China, America and the Moon: Boldness and Abdication

The Chang'E 3 lunar lander is almost half as big as the Apollo LM.  A precursor to a human spacecraft?

The Chang’E 3 lunar lander is almost half as big as the Apollo LM. A precursor to a human spacecraft?

An interesting article appears in the November 2013 edition of Aerospace America (AA), a trade magazine for space professionals.  Famed space reporter Craig Covault discusses plans for the Chinese mission Chang’E 3 (scheduled for a December 1, 2013 launch).  Chang’E 3 will soft-land on the Moon and deploy an unmanned roving vehicle designed to explore within a few kilometers of the landing site.  We do not have a lot of detailed information about this mission, though it appears it will accomplish several goals for China’s space program.  And thereby hangs a tale.

The AA article quotes several western observers, some by name, who give their perspectives on the Chang’E 3 mission.  I found the quotes from an unidentified “lunar scientist” of particular interest – unidentified we are told because he/she is “not authorized to speak on the record about the Chinese space program.”  This pretty much nails the person as a government employee, most probably working for NASA.  This anonymous scientist dismisses the scientific significance of Chang’E 3 by claiming that the lander/rover is not expected to discover “much new on the Moon.”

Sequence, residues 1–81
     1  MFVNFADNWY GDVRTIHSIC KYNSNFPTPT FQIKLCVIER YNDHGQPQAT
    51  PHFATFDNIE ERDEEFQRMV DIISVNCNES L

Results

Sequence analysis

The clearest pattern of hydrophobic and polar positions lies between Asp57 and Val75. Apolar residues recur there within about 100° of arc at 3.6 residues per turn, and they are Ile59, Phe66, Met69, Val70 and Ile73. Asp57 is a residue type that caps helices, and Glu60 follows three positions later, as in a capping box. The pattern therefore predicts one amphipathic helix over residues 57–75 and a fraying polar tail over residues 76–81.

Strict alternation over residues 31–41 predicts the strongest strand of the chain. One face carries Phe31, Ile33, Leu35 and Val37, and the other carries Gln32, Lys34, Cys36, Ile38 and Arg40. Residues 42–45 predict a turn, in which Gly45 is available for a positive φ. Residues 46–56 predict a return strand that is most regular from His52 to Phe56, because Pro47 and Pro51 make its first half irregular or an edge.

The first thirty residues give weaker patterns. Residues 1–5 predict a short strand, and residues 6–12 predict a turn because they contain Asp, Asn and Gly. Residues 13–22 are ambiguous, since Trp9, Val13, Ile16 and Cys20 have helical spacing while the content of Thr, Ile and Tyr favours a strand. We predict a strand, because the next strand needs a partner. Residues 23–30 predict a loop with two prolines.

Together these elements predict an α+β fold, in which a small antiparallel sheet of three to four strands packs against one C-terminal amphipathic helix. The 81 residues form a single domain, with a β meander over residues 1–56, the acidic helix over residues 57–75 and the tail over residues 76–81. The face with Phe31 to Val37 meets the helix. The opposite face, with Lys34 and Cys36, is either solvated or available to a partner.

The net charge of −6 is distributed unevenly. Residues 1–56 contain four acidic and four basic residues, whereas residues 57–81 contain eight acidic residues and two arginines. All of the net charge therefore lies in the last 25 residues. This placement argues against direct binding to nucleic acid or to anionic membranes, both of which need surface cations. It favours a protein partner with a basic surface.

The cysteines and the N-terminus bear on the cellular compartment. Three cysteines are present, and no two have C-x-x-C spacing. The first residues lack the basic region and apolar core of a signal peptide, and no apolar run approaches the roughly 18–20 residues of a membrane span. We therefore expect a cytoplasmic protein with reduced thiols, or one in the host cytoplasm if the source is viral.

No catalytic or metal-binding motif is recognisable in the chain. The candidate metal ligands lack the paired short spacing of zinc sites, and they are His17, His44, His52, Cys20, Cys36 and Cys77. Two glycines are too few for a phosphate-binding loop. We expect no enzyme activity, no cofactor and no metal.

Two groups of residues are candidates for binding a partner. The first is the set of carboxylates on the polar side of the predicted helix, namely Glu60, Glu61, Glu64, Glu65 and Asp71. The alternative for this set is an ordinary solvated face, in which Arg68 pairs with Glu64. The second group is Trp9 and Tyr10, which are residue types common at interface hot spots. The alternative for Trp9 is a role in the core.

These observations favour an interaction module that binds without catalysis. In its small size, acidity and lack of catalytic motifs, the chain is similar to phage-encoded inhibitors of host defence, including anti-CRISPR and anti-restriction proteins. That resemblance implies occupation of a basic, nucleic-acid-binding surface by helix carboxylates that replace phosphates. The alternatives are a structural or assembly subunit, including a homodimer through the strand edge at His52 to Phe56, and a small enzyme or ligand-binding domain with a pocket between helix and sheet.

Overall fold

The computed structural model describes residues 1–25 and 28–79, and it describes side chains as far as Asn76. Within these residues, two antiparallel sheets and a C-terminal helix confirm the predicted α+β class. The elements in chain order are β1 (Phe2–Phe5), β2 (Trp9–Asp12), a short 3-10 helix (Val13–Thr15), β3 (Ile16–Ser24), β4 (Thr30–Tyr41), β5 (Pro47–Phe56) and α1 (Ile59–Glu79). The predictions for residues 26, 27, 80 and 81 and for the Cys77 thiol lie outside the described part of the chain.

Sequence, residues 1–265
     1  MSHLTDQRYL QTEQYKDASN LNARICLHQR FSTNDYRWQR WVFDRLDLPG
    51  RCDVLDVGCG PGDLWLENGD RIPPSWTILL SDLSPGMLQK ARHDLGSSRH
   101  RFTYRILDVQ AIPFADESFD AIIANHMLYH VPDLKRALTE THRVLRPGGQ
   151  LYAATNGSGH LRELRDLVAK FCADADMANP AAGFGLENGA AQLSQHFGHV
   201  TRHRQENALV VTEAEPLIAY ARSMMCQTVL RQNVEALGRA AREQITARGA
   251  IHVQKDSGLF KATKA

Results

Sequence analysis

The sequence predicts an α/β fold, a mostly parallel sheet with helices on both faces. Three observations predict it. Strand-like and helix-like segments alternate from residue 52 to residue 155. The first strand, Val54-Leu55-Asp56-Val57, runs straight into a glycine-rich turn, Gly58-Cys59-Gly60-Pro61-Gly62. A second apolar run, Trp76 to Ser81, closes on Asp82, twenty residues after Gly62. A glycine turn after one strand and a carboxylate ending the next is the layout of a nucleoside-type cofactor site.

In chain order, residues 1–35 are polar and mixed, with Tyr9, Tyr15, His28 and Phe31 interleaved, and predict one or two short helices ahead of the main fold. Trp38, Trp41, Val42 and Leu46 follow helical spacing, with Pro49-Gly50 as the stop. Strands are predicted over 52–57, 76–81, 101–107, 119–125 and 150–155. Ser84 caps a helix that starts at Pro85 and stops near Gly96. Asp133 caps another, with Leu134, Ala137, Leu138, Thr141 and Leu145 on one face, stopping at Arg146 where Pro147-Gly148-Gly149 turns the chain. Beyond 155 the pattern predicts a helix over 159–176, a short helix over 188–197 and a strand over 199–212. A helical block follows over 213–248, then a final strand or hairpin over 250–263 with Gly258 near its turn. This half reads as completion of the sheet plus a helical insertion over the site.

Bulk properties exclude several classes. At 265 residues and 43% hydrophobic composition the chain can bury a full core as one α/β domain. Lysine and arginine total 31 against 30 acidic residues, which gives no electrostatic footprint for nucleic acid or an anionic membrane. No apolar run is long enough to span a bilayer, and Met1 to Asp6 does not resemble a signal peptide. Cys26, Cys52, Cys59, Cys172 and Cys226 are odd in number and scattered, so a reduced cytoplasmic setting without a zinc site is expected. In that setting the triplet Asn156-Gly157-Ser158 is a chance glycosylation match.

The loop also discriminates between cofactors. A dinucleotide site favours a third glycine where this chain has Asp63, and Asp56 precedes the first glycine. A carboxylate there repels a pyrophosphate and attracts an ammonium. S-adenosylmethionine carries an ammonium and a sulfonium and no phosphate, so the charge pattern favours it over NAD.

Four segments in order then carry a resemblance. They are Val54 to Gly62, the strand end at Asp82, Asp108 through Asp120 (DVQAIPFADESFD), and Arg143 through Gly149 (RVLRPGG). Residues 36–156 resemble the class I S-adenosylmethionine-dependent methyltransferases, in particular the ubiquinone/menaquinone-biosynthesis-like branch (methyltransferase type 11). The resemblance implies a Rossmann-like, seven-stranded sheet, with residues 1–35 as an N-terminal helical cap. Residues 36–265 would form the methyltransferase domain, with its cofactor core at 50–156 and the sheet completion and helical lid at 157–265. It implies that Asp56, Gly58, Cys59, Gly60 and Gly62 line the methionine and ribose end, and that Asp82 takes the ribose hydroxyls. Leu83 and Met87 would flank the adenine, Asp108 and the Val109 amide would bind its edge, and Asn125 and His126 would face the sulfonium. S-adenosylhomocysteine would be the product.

I would point out that, at a minimum, the Chang’E 3 will visit a place where no one has ever been, so any measurement that it makes will be “something new.”  Granted, it may not be revolutionary or even of much significance.  But the “lunar scientist” doesn’t stop there.  He/she further opines that the Chinese “are not going to find anything beyond what both US and Soviet scientists already knew 45 years ago, even before Apollo 11”— unnamed, unauthorized but eager to stipulate that because Chang’E spacecraft is configured with scientific instruments that are common on any planetary mission, it cannot possibly find anything new or interesting.  Statements like this make me question whether this person is really a scientist.

During the Apollo missions, astronauts carried a set of geological tools designed to help them sample the soil and rocks of the Moon.  In preparation for Apollo 12, the second landing on the Moon, the Geology Team submitted their list of tools to the engineers for approval before flight.  One engineer noted that the team had requested a “hammer” to accompany the astronauts to the Moon.  He wanted know “Why are we flying a hammer to the Moon?  We already flew that experiment on Apollo 11!”